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The Coriolis Effect

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Winds generally blow out from the subtropics towards the equator and subpolar regions and from the polar regions to the subpolar latitudes. Complicating matters is that the rotation of the Earth causes the winds to rotate as they move (the Coriolis effect). The rotation of the Earth causes an object to deflect towards the right (as viewed by a stationary observer) in the northern hemisphere, which results in a clockwise motion, and to deflect towards the left (as viewed by a stationary observer) in the southern hemisphere, which results in a counterclockwise motion. These rotations combined with the zonal distribution result in enormous, nearly ocean-scale major cells or gyres of surface winds.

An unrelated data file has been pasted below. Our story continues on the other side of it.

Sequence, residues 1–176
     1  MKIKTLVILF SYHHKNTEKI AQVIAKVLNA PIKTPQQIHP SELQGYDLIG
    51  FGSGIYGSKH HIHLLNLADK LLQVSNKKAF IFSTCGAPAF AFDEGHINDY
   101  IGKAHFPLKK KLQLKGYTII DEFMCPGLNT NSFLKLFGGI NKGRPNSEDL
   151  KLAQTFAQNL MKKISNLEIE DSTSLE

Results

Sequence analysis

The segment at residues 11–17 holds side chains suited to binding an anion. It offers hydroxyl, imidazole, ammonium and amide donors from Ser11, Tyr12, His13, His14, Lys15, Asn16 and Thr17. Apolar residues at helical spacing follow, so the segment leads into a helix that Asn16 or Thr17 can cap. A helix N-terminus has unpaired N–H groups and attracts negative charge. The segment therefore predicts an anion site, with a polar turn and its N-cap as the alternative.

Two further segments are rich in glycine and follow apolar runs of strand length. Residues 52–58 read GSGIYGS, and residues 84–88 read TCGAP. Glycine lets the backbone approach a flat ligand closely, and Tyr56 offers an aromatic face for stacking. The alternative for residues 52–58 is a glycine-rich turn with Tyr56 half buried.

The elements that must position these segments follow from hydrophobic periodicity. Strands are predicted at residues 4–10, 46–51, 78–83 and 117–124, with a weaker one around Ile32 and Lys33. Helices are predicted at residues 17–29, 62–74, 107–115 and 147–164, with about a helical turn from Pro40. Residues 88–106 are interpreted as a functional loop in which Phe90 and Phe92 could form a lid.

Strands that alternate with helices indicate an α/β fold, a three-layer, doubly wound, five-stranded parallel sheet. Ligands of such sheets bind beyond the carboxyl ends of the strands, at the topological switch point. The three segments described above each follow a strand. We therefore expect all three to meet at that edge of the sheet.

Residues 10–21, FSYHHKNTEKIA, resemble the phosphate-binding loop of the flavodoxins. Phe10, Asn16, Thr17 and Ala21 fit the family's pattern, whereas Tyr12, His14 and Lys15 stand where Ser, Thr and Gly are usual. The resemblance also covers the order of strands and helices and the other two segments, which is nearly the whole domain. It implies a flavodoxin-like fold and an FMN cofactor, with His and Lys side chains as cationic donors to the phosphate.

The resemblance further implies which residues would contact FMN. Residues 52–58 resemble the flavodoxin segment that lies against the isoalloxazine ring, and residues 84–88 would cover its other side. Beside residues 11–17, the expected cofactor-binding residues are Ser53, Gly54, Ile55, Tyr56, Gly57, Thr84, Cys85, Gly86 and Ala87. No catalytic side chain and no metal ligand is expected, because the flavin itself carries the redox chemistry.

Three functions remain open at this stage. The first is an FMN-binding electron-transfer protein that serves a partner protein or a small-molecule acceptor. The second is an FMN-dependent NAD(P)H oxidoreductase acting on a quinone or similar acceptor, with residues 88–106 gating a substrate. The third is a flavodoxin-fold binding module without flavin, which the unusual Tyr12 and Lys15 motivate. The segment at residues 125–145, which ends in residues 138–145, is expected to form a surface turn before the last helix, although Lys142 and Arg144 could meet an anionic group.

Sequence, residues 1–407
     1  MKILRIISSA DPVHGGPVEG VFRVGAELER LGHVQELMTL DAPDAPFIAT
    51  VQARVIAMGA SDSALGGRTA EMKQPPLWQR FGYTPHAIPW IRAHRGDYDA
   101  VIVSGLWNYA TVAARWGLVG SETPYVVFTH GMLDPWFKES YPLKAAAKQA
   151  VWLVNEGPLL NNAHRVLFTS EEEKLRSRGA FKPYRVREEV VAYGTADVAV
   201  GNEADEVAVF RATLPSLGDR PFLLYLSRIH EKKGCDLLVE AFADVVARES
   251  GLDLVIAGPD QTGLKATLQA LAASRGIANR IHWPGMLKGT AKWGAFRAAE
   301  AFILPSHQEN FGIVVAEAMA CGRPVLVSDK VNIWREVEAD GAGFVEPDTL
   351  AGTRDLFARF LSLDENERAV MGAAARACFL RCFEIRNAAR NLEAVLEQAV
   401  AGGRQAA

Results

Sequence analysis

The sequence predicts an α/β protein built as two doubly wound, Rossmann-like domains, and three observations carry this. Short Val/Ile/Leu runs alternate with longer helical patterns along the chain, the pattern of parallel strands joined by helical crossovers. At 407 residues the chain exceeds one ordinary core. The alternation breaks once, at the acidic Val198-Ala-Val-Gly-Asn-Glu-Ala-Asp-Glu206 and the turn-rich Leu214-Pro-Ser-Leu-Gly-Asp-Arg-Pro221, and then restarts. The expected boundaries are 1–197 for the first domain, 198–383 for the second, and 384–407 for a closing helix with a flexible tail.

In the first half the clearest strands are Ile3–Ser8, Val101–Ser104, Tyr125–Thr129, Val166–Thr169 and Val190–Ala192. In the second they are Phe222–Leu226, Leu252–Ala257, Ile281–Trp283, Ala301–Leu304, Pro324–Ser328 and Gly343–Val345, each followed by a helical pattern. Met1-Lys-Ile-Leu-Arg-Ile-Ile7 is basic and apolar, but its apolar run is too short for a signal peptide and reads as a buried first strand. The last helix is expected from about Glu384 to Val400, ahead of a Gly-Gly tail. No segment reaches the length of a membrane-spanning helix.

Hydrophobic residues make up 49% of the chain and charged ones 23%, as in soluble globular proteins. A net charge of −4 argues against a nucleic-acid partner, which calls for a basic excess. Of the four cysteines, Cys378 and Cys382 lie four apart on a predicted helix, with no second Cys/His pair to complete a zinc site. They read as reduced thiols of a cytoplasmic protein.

Video: Coriolis Effect (1:00)

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Major Surface Wind Maps

Colored global map of major surface winds World map of major surface winds, red arrows show warm currents, blue arrows cool currents

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